Teaching Comparative Government and Politics

Thursday, July 14, 2016

Back to the future in Iran

Many people long for the days of President Ahmadinejad

Polling gives a dark forecast for Iranian president Hassan Rouhani
President Rouhani
The latest poll from IranPoll, the Canadian outfit linked to Maryland University, is bad news for president Hassan Rouhani. Just under three quarters – 74% - of Iranians surveyed on 17-27 June say there has been no improvement in the economy as a result of last year’s nuclear agreement with world powers. With a presidential election looming next year, probably in June, Rouhani’s lead over possible challenger Mahmoud Ahmadinejad, the former ‘principle-ist’ (or fundamentalist) president, has narrowed to eight percentage points from 27 points in May 2015.

Economic growth in the Iranian year ending in March was far smaller than expected….

But how widely will any benefits of growth be distributed? Back in March the state’s statistical centre reported poverty and inequality had increased in the previous 12 months.

And poorer Iranians are the target group for Rouhani’s principle-ist opponents. The recent ‘pay cheque scandal’ played into their hands…

Principle-ists have been showing nostalgia not just for the egalitarianism of the 1979 Revolution and the noble sacrifices of the 1980-88 war with Iraq but for the landslide election victory won by Ahmadinejad in 2005 on the slogan of ‘putting the oil money on the sofreh’ (the dining mat used by poorer Iranians)…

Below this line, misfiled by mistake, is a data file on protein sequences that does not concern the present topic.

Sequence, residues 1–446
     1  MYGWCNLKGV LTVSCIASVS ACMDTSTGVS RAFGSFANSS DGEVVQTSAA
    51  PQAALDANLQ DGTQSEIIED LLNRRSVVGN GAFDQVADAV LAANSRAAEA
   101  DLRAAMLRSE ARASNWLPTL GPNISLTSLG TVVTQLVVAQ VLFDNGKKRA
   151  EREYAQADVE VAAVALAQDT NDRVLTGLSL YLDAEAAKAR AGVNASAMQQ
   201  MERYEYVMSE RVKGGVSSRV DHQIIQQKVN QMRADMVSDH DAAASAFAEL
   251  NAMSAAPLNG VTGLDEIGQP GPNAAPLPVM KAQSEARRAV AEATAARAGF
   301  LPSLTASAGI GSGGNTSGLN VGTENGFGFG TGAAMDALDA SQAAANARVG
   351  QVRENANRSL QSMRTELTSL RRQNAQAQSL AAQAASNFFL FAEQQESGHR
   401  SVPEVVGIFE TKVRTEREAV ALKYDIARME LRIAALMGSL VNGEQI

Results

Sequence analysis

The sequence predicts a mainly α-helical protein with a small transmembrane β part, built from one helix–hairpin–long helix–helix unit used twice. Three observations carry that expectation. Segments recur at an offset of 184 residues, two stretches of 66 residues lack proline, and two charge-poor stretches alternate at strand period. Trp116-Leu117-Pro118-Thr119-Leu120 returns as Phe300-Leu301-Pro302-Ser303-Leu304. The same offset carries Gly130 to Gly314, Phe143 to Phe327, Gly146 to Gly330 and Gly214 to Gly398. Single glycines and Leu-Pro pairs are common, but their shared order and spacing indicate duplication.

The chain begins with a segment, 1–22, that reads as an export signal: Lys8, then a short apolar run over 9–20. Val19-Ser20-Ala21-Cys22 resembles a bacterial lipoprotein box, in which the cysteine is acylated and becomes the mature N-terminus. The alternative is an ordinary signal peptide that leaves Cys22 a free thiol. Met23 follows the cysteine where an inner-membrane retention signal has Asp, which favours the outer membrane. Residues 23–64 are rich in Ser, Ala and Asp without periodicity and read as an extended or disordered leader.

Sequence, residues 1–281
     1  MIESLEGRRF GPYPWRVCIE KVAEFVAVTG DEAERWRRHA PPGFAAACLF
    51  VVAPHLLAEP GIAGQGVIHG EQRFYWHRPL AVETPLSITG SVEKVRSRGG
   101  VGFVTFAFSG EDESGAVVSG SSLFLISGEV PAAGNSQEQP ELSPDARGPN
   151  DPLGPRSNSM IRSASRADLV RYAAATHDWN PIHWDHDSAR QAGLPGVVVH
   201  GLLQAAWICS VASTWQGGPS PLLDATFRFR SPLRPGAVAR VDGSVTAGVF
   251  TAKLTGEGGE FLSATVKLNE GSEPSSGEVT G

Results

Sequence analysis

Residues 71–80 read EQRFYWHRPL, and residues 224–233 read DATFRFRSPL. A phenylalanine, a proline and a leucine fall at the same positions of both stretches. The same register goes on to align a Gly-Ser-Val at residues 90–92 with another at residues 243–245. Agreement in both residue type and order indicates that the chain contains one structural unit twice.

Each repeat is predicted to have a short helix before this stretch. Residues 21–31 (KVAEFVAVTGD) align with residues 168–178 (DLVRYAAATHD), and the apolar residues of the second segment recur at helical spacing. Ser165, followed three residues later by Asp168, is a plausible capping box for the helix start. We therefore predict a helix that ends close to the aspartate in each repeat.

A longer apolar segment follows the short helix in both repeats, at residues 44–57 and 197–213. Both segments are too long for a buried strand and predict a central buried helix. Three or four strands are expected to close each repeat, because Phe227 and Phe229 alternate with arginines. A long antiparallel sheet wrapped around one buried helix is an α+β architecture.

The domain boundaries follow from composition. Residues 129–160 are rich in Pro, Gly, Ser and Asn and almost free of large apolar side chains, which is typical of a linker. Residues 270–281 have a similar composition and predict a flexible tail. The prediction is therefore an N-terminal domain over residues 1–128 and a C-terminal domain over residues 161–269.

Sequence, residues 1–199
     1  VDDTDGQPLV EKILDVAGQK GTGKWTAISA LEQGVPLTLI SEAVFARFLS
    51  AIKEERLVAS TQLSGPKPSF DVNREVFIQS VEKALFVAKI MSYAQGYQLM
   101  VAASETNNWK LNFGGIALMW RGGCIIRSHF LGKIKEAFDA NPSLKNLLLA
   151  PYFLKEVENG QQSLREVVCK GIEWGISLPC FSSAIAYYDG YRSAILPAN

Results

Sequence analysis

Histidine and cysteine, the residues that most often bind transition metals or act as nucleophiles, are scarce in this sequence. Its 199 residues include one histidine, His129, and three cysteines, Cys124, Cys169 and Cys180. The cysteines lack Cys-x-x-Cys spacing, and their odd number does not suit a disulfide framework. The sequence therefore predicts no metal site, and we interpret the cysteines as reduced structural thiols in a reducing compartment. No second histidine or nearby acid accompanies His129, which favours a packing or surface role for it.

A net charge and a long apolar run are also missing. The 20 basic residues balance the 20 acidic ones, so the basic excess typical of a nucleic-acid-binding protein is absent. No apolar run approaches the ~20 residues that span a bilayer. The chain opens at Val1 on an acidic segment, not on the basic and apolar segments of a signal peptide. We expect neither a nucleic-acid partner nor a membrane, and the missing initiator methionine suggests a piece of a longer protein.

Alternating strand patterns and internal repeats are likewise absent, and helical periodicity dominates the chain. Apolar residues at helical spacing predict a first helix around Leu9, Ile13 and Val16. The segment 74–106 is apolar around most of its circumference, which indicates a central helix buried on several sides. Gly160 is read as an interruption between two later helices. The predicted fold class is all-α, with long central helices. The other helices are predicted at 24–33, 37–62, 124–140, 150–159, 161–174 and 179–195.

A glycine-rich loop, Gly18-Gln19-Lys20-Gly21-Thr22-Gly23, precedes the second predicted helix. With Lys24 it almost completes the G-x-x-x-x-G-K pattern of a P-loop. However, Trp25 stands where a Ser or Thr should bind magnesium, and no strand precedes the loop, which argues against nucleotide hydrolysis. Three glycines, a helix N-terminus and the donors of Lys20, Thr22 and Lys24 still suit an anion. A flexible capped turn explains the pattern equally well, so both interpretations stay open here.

The populism of the Iranian principle-ists shows striking similarities with populism elsewhere. It is critical of bankers, often anti-intellectual, and pushes a notion of national control against an international, or even global, elite. Its idea of nation is not just nostalgic but hostile to diversity, and extols the values of supposed ‘simplicity’ against the wicked ways of the big city – praising the morality police acting against ‘bad hijab’ is a topical example…

In the 2005 presidential election, Ahmadinejad not only promised to put oil revenue on the sofreh, he scorned the middle classes and intellectuals…

Whereas his reformist predecessor, Mohammad Khatami, spoke in universities and international bodies of a “dialogue among civilisations”, Ahmadinejad made repeated provincial trips around Iran addressing huge crowds of people who felt neglected by central government. Those feelings of neglect are just as strong today – and president Rouhani has little time to address them.

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